Certain departments, like the states’ respective departments of public health and driver services, and the secretaries of the states provide some of the lists that are used to add or remove the names of jurors.

Since voter registration records is just one of the sources of potential jurors, not registering to vote won’t let you avoid performing jury duty.

2) Jurors are not required to serve on the respective juries for both civil and criminal cases.

Again, if you’re picked to perform jury duty, you and rest of the prospective jurors who were chosen will attend a trial for a criminal or civil case and then decide its outcome by reaching a verdict. If you’re already serving on the jury for another trial or a grand jury, you’re not eligible for additional or further service. There’s no such thing.

3) You’re not forbidden from going home during the case.

As a juror, you’re required to keep everything about the proceedings of the case to yourself until the deliberations have been completed and the verdict is made a matter of public record.

First-time jurors assume this means they can’t go home until the case is finished to prevent them from leaking any information as well as avoid any outside influence that could be exerted upon them.

Actually, you’re allowed to go home every day after service, just like you would do after wrapping up your regular work for the day.

However, there are certain occasions where a judge orders sequestration of a jury. Sequestration means jurors are placed in a hotel, aren’t allowed any access to most of the media, and are allowed only limited contact with the outside world for the trial’s duration. This rarely happens and only does with cases that get a lot of media coverage.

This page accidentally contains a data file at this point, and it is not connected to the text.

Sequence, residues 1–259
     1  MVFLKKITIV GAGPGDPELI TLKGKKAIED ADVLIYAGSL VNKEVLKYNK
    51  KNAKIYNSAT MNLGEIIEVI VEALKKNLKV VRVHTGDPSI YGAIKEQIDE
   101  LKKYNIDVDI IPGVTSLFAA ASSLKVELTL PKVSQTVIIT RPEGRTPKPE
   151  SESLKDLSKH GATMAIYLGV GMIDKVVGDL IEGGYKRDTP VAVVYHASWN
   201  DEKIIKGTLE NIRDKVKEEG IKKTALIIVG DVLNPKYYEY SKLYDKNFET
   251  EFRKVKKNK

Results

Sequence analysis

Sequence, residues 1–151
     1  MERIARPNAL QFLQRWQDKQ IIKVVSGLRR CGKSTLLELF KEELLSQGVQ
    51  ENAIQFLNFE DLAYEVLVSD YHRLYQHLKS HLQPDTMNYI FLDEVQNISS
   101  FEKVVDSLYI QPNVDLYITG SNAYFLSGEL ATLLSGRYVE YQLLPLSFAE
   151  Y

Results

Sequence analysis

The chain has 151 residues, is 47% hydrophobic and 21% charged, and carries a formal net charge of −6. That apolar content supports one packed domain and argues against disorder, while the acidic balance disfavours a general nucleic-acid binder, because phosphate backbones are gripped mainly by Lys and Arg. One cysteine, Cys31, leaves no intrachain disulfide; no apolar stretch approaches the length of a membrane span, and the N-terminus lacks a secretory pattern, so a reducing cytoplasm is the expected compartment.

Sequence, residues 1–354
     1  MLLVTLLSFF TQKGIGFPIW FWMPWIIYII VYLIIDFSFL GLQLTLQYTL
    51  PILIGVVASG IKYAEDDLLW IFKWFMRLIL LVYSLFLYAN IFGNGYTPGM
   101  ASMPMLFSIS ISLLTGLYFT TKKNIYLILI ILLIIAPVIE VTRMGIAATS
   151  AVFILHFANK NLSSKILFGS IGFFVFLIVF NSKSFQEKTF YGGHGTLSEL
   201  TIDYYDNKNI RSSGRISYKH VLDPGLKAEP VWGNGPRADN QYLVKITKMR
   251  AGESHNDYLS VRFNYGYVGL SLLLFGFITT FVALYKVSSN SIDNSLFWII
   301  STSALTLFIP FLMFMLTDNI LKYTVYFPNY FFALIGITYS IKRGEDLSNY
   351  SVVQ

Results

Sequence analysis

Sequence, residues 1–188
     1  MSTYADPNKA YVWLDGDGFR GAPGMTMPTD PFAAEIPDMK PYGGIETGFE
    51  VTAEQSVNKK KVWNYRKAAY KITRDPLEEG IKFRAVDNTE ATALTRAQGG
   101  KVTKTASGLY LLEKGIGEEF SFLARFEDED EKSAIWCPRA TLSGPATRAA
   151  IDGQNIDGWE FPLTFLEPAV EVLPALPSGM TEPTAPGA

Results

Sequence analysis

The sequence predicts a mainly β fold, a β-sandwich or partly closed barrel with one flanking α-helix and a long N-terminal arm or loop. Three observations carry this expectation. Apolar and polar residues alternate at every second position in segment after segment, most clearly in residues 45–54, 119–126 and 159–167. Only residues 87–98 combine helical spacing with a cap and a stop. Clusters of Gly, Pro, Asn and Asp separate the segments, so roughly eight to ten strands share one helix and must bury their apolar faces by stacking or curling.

While judges don’t always order to sequester a jury in such cases, there are “alternatives” most people don’t know about.

For example, in rare cases, marshals are assigned to jurors to escort them to and from serving on the jury. Doing so ensures their safety and that they return straight home from the trial. Some juries are made anonymous as well in order to keep them safe and prevent any tampering that could occur if outside sources attempt to contact them.

Last Take-Away

While many think jury duty is nothing but a hassle, we all need to regard our jury summons if we ever receive one anyway. More than to avoid getting fined or being sent to jail, jury duty is our right and responsibility that deserves to be treated with respect.

Visiting Your Dream Destination While Winning the Audit: Here’s How You Do It

May 8, 2017 Posted by Sanjiv No Comments

Taking a trip to the destination of your dreams sounds fun, but nothing is more fun that taking a trip while winning the resulting audit at the same time.